Euthanizations up due to rising pet costs

Euthanizations up due to rising pet costs

Tyler (KYTX) -- It's a bind for many pet owners: when man's best friend gets sick, at what point is treatment just not affordable anymore? Some pet experts say rising costs are leading more people to choose the last resort to euthanize their companions.

 Lacey Hood has had her share of heartache, recalling an especially tough time with her cat, Kizzy.

"She was much older, almost 19, but she got diagnosed with cancer. It was looking at how long she was going to live and whether it was even worth the treatment for it," Hood said.

The animal lover was forced to do what no owner wants to do. "We ended up putting her down just because it was really affecting her quality of life in general," Hood said.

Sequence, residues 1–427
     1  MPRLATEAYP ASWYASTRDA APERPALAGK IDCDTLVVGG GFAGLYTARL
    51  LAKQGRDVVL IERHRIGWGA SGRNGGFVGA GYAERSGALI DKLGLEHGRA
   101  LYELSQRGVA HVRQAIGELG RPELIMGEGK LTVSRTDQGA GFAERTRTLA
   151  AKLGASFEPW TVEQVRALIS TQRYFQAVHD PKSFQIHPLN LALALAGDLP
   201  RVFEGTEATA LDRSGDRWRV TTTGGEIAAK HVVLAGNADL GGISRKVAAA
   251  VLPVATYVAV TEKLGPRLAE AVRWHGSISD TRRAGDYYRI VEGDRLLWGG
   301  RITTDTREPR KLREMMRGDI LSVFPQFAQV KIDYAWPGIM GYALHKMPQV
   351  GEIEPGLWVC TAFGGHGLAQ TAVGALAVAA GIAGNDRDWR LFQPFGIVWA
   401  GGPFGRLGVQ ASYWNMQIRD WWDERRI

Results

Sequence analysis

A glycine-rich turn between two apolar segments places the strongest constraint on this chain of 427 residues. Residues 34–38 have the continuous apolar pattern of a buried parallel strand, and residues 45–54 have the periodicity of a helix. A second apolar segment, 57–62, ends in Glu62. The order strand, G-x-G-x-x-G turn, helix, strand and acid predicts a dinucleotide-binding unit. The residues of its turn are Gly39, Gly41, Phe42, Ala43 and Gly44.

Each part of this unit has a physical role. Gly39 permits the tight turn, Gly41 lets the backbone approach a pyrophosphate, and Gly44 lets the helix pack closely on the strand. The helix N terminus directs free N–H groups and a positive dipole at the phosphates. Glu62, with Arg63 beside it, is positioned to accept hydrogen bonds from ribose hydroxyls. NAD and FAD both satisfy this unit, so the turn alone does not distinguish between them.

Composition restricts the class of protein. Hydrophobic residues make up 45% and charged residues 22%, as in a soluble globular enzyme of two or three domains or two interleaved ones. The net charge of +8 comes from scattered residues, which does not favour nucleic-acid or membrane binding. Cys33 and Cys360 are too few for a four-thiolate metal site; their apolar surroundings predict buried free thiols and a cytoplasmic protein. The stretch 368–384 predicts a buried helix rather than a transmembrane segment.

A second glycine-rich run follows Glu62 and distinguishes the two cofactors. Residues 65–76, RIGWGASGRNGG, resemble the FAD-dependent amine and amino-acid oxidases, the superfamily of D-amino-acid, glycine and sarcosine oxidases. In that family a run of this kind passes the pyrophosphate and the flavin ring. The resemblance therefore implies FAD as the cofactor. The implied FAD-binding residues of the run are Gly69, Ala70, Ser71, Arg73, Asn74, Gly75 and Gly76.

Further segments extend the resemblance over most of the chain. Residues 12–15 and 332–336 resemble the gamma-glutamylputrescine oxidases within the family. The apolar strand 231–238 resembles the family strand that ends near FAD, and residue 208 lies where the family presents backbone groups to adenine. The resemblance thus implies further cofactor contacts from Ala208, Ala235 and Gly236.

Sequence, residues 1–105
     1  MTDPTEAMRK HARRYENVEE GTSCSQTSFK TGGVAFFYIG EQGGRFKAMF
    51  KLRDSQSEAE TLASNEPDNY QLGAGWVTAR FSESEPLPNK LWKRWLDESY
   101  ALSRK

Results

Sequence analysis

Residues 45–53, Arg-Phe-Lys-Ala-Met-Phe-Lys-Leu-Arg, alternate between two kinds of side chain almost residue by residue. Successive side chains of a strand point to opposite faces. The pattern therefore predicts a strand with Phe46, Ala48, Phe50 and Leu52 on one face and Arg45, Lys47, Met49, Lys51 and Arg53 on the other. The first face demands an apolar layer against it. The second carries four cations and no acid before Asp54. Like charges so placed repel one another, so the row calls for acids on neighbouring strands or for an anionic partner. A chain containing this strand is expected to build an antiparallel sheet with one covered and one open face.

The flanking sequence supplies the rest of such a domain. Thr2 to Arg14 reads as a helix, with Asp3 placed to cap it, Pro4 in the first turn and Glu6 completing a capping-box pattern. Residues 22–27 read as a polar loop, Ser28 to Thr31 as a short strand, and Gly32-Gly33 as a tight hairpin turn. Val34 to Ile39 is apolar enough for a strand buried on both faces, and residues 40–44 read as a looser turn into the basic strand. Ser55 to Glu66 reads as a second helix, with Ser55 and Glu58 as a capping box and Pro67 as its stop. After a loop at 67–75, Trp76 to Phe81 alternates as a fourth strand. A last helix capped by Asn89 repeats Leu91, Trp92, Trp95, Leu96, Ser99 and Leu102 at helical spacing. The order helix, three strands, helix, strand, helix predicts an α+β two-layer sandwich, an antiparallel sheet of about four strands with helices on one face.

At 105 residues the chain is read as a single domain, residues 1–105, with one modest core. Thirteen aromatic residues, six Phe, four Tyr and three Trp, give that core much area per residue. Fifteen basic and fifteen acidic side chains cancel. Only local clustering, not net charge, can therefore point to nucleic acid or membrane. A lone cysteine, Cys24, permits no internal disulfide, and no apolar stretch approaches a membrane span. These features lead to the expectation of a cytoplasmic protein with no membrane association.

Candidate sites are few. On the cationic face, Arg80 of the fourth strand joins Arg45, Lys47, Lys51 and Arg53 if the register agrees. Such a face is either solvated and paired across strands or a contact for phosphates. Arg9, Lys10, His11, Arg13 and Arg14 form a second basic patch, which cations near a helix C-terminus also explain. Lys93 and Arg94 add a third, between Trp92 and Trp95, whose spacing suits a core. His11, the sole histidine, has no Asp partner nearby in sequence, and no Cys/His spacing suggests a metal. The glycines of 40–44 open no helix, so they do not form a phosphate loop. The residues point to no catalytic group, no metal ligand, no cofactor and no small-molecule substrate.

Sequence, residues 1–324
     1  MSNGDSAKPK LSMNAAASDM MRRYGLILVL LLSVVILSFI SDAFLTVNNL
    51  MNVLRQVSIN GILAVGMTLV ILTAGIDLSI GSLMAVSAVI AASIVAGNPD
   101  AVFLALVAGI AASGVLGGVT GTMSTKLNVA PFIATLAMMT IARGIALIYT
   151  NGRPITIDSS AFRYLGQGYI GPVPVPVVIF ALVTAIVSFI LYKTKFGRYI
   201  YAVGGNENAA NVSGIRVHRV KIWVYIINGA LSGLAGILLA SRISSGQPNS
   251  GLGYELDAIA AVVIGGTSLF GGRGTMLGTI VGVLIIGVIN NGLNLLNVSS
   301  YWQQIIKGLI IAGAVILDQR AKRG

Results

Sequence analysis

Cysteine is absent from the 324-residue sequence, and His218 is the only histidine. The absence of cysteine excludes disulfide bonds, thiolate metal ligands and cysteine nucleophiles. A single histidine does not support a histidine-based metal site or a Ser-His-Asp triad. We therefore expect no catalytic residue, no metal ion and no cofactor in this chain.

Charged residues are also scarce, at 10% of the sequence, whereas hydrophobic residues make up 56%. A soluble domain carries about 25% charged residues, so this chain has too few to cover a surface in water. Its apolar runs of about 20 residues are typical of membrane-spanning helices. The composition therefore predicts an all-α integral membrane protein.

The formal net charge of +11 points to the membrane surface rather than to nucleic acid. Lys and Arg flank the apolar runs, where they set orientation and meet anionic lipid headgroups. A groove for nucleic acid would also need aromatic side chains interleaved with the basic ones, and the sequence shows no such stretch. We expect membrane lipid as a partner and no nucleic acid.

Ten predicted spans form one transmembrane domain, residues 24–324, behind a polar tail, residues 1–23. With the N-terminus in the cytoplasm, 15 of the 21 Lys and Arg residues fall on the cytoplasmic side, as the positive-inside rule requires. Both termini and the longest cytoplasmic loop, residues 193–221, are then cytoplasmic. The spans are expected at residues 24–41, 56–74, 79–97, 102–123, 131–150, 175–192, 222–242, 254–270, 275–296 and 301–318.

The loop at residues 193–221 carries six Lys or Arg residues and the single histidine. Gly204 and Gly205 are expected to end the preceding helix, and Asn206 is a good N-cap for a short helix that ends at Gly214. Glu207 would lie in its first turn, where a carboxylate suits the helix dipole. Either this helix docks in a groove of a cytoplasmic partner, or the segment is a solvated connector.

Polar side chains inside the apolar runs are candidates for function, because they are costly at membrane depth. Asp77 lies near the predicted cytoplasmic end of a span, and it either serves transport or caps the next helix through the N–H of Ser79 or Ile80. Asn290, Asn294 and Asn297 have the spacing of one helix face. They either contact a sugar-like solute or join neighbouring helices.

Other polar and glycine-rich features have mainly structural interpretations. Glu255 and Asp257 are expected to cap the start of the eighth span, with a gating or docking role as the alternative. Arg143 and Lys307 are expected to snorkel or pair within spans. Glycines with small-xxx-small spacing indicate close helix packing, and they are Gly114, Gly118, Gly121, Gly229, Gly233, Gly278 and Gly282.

Some pet experts believe more people are choosing this unfavorable option-- because costs are rising. The director of a clinic in Ohio has cited costs 10 to 12 percent more than they used to be, and it doesn't sit well in a struggling economy.

 "A lot of times I tell people you have to guide me, and many times we work on a very limited budget," Dr. Laura Cauthen, with the Animal Medical Center of Tyler, said.

Cauthen says less than 20 percent of her owners decide for euthanasia, but it happens.

"I hate to do it when we have a treatable, curable medical disease but sometimes we have to for financial reasons," Cauthen said.

She explained while she injected heart worm medicine into a lab mix, that it comes with a hefty pricetag for them too.

 "Many of them are the same drugs we use in human medicine so the supplies and hard costs are pretty high," Cauthen said.
Veterinarians say the best thing you can do is have open communication with your vet. Get constant updates on how your pet is doing and establish a ceiling on what you're willing to pay. 


To find out more about Facebook commenting please read the
Conversation Guidelines and FAQs

Leave a Comment
More Stories